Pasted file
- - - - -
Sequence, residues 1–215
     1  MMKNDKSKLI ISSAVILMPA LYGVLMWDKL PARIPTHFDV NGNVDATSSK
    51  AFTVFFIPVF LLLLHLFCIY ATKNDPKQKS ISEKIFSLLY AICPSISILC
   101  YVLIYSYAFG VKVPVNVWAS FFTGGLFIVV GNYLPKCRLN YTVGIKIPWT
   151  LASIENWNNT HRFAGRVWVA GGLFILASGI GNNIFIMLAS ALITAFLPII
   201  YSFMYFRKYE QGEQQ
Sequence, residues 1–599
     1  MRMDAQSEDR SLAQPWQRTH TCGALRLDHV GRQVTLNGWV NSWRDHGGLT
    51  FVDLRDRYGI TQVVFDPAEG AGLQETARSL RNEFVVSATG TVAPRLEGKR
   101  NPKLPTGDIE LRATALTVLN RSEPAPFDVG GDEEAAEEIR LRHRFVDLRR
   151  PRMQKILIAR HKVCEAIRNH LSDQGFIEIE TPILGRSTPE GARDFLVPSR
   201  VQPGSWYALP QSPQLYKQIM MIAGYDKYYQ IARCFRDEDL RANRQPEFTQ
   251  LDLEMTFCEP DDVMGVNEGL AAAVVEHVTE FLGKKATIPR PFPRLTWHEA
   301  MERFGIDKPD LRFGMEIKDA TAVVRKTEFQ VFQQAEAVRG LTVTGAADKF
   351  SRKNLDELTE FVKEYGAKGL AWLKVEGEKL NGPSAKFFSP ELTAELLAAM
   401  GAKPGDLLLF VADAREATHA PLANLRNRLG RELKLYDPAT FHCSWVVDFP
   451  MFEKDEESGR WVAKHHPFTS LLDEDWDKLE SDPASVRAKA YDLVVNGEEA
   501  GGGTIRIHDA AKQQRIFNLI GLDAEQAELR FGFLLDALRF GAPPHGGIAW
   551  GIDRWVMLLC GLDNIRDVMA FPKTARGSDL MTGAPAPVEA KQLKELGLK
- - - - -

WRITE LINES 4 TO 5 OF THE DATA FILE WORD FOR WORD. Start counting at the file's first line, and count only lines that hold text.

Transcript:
   101  YVLIYSYAFG VKVPVNVWAS FFTGGLFIVV GNYLPKCRLN YTVGIKIPWT
   151  LASIENWNNT HRFAGRVWVA GGLFILASGI GNNIFIMLAS ALITAFLPII